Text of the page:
• You can purchase plant starter cubes or grow plugs online or from some gardening stores.
  • The cubes are made from materials such as rock wool or coconut coir and can be directly set into the larger system when your seeds have germinated.
  • Starter cubes should be soaked in water before using them and should remain partially submerged (but not fully).
  • When the roots have pushed through the bottom of the cube, they are ready to transplant.
  • Since different starter cubes are made of different materials, read the instructions on the package before you start.
Starting seeds in soil
  • You can also use potting soil and start seeds the way you would if growing them for your garden.
  • With this approach, rinse the roots when you transplant them to remove any remaining soil.

Just like when starting seeds for a garden, you’ll need a warm, humid environment. You can start seeds using a container with a lid (such as a plastic storage container) in a south-facing window. If you don’t have a south-facing window, consider buying a heating mat or starting your seeds under grow lights.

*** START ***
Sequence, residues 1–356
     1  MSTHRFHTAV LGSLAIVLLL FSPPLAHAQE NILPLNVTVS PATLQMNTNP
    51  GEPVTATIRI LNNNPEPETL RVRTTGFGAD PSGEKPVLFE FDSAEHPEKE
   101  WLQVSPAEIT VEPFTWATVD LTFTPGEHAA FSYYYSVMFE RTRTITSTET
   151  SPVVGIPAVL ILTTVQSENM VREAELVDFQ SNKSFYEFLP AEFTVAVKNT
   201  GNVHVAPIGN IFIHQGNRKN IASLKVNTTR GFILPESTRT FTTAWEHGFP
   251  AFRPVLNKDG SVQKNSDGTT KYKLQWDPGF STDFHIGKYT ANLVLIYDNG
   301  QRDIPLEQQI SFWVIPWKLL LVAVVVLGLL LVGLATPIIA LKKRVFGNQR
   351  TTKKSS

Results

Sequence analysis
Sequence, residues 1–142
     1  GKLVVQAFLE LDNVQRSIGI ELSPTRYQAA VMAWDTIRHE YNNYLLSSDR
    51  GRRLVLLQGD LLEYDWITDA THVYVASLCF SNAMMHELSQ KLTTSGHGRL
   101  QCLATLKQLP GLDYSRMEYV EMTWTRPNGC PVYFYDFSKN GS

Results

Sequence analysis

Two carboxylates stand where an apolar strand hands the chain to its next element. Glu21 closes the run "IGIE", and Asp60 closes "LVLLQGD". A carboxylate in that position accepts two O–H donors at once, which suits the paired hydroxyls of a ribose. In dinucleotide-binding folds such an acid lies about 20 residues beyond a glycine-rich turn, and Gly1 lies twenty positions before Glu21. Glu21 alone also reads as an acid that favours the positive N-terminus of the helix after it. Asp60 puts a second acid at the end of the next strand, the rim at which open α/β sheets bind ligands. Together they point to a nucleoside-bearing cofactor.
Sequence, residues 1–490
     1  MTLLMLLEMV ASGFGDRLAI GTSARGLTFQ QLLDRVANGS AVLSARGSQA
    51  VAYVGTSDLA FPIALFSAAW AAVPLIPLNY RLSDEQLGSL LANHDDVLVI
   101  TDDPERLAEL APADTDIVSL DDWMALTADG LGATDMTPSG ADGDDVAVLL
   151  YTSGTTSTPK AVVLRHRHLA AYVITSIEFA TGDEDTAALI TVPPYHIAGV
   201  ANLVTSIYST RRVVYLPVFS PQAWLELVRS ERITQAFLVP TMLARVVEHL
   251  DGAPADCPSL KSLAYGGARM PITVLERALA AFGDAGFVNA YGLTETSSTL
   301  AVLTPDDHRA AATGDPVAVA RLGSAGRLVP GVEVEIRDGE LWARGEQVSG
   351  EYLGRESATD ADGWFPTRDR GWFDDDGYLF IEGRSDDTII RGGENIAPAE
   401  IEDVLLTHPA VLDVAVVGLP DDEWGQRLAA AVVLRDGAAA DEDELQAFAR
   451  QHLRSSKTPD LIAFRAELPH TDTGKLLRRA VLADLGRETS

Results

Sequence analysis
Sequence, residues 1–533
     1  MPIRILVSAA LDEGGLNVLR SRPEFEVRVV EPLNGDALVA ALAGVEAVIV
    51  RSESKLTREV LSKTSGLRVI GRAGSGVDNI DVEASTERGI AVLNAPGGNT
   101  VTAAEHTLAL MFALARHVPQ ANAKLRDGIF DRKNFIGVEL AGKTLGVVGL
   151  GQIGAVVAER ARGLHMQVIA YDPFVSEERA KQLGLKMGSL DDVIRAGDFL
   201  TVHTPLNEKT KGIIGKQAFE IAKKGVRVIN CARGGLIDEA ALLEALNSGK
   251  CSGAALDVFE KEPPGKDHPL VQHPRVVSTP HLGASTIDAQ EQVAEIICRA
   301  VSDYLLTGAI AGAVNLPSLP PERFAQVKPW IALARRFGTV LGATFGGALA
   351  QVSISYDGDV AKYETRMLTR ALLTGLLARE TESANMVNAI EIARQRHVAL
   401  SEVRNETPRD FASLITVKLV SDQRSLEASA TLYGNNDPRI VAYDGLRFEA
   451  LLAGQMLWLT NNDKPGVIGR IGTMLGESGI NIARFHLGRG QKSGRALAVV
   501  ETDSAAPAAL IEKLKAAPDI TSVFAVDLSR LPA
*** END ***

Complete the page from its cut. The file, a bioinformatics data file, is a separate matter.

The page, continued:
This video series from UMN Extension horticulture educators shows three different at-home systems for starting seed.

There are three main water quality considerations when growing with hydroponics. All three of these factors contribute to plant health, and are easily amenable if your water is not naturally in the ideal range.

pH (acidity)

Plants do best when growing in water with a pH of 5.4-7. A pH of 7 is considered “neutral”; lower than 7 is acidic and higher than 7 is basic.

  • If your pH is either too low or too high, plants may be unable to efficiently use nutrients in the water.
  • You can test your water with pH test strips or paper; a 15-foot roll of testing paper costs around $7, and lasts for years.
  • Keep in mind that certain fertilizers (ammonium or urea-based) can acidify the water in your system, and others (nitrate based) can make it more basic.